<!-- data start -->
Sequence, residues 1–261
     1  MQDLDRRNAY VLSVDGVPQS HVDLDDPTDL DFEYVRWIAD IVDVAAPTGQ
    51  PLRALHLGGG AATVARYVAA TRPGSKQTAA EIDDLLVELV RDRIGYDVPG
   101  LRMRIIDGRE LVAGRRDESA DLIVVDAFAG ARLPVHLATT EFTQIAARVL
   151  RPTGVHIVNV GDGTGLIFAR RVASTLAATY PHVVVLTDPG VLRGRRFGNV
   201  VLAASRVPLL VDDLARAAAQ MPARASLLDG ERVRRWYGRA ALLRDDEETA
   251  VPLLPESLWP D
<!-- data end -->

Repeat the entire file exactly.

Sequence, residues 1–261
     1  MQDLDRRNAY VLSVDGVPQS HVDLDDPTDL DFEYVRWIAD IVDVAAPTGQ
    51  PLRALHLGGG AATVARYVAA TRPGSKQTAA EIDDLLVELV RDRIGYDVPG
   101  LRMRIIDGRE LVAGRRDESA DLIVVDAFAG ARLPVHLATT EFTQIAARVL
   151  RPTGVHIVNV GDGTGLIFAR RVASTLAATY PHVVVLTDPG VLRGRRFGNV
   201  VLAASRVPLL VDDLARAAAQ MPARASLLDG ERVRRWYGRA ALLRDDEETA
   251  VPLLPESLWP D